Bees: Protect Your Pollinators

Native bees are essential to ensure a healthy, productive garden.


| August/September 2005



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A digger bee feeds on and pollinates a sunflower.


You’ll harvest more and bigger fruits and vegetables if you have enough pollinating bees visiting your garden. In some cases, better pollination even means faster maturity and better flavor.

Cornell University researchers have found that bee-assisted pollination of strawberries can increase fruit size up to 40 percent. Other crops that depend upon native bees for pollination include tomatoes, peppers, eggplants, pumpkins, squash and melons, plus most berries and tree fruits. But heavy reliance on pesticides, loss of habitat and monoculture crop systems have decimated pollinator populations.

“Monoculture makes it impossible for any bee — native or otherwise — to keep year-round populations sufficient for pollination,” says David Green, who maintains the native bee Web site www.pollinator.com. “A modern orchard has such a flush of bloom in spring that the pollination task is overwhelming. The rest of the year, it’s starvation or even a toxic environment.”

Besides avoiding pesticides, you can support native bee populations by protecting natural areas on your property, leaving field and road borders un-mowed to provide habitat for ground-nesting bees, and planting or preserving stands of native flowering plants (that the bees use for food) in pastures and hedgerows. A diverse selection of flowering plants and food crops ensures that pollinators have a steady supply of nectar and pollen throughout the growing season.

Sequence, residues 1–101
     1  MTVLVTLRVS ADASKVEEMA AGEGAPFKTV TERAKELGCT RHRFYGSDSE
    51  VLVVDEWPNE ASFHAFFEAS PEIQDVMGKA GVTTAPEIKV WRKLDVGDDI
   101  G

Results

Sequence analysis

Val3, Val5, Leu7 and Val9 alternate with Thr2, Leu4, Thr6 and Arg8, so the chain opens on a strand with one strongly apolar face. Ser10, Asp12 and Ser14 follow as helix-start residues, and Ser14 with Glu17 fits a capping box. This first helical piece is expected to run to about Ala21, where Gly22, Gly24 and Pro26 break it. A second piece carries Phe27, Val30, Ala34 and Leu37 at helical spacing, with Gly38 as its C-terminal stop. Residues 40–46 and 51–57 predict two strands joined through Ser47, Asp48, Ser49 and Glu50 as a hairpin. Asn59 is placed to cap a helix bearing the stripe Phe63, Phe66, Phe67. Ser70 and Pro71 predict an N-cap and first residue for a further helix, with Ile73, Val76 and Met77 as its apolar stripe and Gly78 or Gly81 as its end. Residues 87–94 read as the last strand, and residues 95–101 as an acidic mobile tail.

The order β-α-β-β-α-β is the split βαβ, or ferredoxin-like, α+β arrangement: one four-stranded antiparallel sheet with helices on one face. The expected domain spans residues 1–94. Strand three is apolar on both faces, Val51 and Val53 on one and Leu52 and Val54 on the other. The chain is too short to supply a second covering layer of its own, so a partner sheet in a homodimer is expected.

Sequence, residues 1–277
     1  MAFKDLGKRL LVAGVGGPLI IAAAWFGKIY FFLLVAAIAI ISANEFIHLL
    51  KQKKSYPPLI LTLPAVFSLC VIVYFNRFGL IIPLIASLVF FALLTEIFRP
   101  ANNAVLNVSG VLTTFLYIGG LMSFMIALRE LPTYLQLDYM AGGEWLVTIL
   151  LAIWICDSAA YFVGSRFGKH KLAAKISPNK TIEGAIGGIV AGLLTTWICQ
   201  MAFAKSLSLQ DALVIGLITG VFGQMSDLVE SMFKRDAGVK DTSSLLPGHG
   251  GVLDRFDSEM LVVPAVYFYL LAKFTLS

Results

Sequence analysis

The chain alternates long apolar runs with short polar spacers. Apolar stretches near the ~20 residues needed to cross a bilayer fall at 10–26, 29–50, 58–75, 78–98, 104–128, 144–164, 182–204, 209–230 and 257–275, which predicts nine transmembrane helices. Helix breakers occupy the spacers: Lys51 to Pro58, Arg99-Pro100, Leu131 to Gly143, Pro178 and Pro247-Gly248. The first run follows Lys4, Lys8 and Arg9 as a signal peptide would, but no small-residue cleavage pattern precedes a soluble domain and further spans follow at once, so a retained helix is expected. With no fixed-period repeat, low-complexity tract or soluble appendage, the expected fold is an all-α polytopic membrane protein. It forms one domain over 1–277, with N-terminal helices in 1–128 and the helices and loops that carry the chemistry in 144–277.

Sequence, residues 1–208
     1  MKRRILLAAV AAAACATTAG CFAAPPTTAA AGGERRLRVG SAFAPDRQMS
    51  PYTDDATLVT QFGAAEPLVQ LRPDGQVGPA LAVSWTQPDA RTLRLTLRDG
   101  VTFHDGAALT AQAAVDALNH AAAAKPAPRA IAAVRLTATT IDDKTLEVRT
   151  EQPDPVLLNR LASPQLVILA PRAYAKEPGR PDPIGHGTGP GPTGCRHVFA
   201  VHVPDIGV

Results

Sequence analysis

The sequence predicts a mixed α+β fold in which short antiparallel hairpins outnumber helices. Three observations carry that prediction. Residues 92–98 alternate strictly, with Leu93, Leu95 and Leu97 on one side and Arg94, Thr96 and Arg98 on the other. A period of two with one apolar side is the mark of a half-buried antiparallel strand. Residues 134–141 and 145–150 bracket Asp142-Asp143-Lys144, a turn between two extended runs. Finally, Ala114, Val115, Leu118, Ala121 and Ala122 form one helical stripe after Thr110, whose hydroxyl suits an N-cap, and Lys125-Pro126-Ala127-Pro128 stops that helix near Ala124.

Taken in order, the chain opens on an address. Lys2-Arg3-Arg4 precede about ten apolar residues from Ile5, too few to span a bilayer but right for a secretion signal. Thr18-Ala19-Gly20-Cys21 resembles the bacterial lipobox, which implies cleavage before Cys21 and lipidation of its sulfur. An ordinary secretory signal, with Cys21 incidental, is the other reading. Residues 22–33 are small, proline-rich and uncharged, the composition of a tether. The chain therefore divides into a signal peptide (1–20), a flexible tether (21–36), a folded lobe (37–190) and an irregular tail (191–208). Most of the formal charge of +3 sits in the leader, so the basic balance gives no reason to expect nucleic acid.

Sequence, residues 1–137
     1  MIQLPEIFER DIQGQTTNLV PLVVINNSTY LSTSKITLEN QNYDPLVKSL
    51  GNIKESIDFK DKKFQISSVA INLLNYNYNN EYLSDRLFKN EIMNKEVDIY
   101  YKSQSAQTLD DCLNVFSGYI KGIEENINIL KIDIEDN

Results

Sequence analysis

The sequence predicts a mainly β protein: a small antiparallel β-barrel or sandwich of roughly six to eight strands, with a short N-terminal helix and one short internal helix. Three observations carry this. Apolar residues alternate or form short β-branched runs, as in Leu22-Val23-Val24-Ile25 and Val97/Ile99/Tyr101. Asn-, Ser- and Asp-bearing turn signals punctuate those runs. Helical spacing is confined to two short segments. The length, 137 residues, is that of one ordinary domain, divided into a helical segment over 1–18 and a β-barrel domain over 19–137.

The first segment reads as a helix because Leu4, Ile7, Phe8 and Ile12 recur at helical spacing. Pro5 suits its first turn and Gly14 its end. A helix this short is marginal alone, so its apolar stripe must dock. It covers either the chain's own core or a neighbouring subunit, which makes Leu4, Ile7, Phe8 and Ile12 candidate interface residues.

Take a close look at the flowers in your garden and you will quickly see that honeybees, which are native to Europe, have plenty of company, including numerous native bee species with specialized talents. But while honeybees are commonly protected by a beekeeper, native bees have no human guardians. This is why it’s important to help build native bee populations in your own area.

Like honeybees, native bees feed on nectar while gathering pollen to take back to their nests as food for their young. In the process, they pollinate flowers, often doing a better job than honeybees on certain crops such as apples, berries, alfalfa and almonds. Bumblebees are the preferred pollinators for greenhouse-grown tomatoes, and pumpkin growers from Wisconsin to Alabama are recognizing the value of squash bees — short-lived native species that often outnumber honeybees visiting squash blossoms, even when honeybee hives are nearby. In areas where cool temperatures limit honeybee activity during the spring blooming of fruit trees, native mason bees do the job because they are better adapted to cool weather.

okpkpkp
8/25/2017 5:36:05 PM

A fun and informative read. Thanks so much!






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